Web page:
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Anim Biosci > Volume 34(9); 2021 > Article
Feng, Xu, Liu, Hu, Yang, and Li: A quantitative method for detecting meat contamination based on specific polypeptides



This study was aimed to establish a quantitative detection method for meat contamination based on specific polypeptides.


Thermally stable peptides with good responses were screened by high resolution liquid chromatography tandem mass spectrometry. Standard curves of specific polypeptide were established by triple quadrupole mass spectrometry. Finally, the adulteration of commercial samples was detected according to the standard curve.


Fifteen thermally stable peptides with good responses were screened. The selected specific peptides can be detected stably in raw meat and deep processed meat with the detection limit up to 1% and have a good linear relationship with the corresponding muscle composition.


This method can be effectively used for quantitative analysis of commercial samples.


Meat foods are comprised of protein, fat, minerals, vitamins, and other nutrients, which are an indispensable source of human nutrition. In recent decades, meat consumption per capita has been increasing. However, meat safety is a big challenge in some countries or regions. For example, it is quite often illegal to mix low-priced meat, even out-of-date meat with high-priced beef and lamb [1]. Meat contamination is mainly manifested in three forms. Firstly, other animal meats are mixed in a claimed meat. Secondly, meat is replaced by other animal tissues [2]. Thirdly, non-meat components are mixed [3]. Such problems have resulted in the consumers’ serious concerns. Therefore, it is of great significance to develop an accurate, sensitive, and fast method for identifying meat contamination.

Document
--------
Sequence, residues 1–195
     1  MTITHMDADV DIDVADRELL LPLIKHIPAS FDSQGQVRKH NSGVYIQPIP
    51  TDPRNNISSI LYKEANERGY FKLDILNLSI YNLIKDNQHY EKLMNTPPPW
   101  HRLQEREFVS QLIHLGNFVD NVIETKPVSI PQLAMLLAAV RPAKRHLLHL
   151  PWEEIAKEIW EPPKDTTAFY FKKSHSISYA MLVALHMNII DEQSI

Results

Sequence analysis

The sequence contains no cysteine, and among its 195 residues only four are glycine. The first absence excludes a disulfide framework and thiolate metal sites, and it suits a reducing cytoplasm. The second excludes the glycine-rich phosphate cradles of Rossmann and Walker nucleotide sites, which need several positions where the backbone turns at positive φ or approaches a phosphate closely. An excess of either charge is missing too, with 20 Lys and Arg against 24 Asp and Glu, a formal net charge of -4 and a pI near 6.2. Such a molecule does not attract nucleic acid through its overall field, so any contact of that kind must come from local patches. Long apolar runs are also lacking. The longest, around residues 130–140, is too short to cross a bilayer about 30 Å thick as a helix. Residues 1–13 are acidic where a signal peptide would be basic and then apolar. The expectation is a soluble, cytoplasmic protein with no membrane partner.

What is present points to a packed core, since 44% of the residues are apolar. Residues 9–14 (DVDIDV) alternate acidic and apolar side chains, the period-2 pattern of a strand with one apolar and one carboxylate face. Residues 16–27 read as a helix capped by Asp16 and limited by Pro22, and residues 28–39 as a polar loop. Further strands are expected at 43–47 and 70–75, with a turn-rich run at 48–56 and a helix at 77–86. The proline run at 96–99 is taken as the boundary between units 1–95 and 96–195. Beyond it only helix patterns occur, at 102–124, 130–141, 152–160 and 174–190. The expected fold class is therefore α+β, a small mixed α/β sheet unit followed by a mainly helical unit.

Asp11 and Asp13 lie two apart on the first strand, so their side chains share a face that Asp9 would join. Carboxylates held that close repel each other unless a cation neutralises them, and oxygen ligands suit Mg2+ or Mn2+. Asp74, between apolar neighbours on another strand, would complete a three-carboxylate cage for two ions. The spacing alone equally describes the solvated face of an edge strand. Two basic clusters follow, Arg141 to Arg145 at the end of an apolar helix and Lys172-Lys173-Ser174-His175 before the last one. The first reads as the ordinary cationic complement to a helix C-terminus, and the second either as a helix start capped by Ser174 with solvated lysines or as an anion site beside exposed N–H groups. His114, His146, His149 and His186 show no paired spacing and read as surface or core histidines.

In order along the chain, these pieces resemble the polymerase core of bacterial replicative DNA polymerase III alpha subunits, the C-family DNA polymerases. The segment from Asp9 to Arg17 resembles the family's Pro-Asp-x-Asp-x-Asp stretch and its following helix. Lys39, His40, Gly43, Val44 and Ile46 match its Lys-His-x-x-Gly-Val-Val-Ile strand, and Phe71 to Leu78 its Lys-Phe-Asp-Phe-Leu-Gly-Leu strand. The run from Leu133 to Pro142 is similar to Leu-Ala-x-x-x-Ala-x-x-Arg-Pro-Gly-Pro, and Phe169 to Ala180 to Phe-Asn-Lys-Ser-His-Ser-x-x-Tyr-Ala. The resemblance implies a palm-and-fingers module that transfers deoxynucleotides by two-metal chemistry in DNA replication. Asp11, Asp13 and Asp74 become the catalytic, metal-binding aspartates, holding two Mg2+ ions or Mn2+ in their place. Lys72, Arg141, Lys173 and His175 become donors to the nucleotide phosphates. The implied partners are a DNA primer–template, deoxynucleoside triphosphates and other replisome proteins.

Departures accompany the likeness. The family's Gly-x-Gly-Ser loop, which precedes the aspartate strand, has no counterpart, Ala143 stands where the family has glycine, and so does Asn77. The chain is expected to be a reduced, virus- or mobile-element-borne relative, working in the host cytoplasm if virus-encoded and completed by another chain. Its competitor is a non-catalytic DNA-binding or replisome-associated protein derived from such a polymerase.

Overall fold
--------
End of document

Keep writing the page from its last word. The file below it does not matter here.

In recent years, a lot of qualitative and quantitative techniques have been developed to deal with the problem of meat contamination, including enzyme-linked immunosorbent assay [46], near infrared spectroscopy [7,8], electronic tongue [9], electronic nose [10], headspace solid phase microextraction coupled with gas chromatography-mass spectrometry [11], and DNA-based techniques [1216]. However, these techniques have a relatively low accuracy in meat variety identification and require many samples to establish analytical models. DNA-based methods are not suitable for deeply processed meat products, and it is difficult for the absolute quantification of adulterated components in mixed meat samples.